Monday, 4 July 2011


Had a few people on flickr asking about simple editing techniques on my shots, so thought I'd do a really quick run through. When it comes to my post production I don't do to much. Simple manipulation if i want to remove something then a little contrast and colour tweaking.

"The Original"

The original image had a few bits and pieces I didn't like and wanted to take out. After 2 minutes of cloning and using a little "content aware", I'd managed to get rid of the telephone line in the right of the image and a few other bits and pieces. 

The image is exposed perfectly, but is very flat in terms of colour and contrast. I find contrast to be very important in terms of the intent of the image. For example, high contrast doesn't work if you want a natural soft image. There is plenty of different ways to control separate aspects of your images in photoshop. I simply tweak the contrast and colours through channel mixer, selective colour and curves. Make sure your doing all these tweaks in separate layers. This allows you to use layer masks and implement the effects to specific areas of the image.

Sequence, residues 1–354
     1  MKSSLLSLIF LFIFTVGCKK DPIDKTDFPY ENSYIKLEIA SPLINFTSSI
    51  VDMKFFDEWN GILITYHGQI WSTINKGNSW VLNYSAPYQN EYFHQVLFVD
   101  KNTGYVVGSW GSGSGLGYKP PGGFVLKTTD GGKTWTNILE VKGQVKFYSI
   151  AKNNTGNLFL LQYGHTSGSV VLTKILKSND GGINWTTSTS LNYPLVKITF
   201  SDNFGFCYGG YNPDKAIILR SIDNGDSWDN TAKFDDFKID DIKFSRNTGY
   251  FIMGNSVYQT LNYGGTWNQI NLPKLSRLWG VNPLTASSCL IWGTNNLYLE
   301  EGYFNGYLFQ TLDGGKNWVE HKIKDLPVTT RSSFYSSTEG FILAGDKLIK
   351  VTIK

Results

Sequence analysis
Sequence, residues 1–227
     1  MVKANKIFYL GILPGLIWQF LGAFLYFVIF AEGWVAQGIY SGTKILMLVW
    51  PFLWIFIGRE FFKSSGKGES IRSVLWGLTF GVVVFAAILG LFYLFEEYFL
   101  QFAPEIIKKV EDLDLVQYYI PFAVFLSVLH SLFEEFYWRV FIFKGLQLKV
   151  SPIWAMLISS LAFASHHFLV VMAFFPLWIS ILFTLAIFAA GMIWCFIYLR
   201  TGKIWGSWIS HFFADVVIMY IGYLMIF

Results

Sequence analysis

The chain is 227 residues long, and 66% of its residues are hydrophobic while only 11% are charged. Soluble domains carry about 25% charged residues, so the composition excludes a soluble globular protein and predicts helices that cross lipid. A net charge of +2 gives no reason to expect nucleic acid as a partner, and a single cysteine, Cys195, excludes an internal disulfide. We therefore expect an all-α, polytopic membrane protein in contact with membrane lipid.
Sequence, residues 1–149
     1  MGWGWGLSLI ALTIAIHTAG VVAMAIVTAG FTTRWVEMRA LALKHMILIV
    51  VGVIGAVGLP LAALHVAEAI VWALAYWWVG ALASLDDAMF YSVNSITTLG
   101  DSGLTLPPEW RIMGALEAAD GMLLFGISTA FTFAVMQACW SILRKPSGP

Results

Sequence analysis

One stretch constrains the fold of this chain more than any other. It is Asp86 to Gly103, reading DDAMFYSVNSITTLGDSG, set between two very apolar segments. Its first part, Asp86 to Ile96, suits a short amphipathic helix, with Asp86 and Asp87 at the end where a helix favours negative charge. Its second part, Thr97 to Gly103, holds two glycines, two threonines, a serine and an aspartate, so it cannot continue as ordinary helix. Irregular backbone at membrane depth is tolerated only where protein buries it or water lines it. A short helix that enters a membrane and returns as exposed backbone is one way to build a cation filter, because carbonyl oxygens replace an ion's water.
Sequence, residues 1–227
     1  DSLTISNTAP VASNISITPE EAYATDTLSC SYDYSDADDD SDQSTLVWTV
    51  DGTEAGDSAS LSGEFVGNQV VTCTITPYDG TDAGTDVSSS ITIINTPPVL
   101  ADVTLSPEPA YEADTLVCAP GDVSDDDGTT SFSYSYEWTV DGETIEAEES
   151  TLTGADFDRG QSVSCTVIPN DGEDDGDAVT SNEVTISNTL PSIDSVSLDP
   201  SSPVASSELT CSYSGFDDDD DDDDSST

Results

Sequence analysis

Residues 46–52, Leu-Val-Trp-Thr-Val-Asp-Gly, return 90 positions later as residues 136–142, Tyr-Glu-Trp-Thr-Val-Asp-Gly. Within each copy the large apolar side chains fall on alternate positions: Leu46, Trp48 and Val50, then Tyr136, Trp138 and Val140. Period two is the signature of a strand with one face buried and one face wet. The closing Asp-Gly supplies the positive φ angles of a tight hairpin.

When the image is looking about right after these tweaks, all thats left is to prepare the image for print or web. I always like to sharpen my images very slightly. I do this with a little high pass filter changed to overlay. Then play with the opacity until you get the right look.

The image below shows all my filter and whether they include layer masks...

"In Post"

Key points...

Using layer masks is key to producing a well controlled image. Many traditional photographers believe it to be cheating, but it's all tricks you can do in the dark room.

Do all your tweaks and adjustments on separate layers. You don't want to at a later date find you've done something wrong then be unable to change it.

Don't fall into the trap of, "Oh I can fix that in Photoshop". You'll never improve your photography that way.

It's easy to go to far with tweaking. Theres nothing worse than an image over processed.

"Final Image"

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1 comment:

  1. Nice to see some familiar layer titles in there, it's reassuring for us amteurs that we're on the right track. Great work as always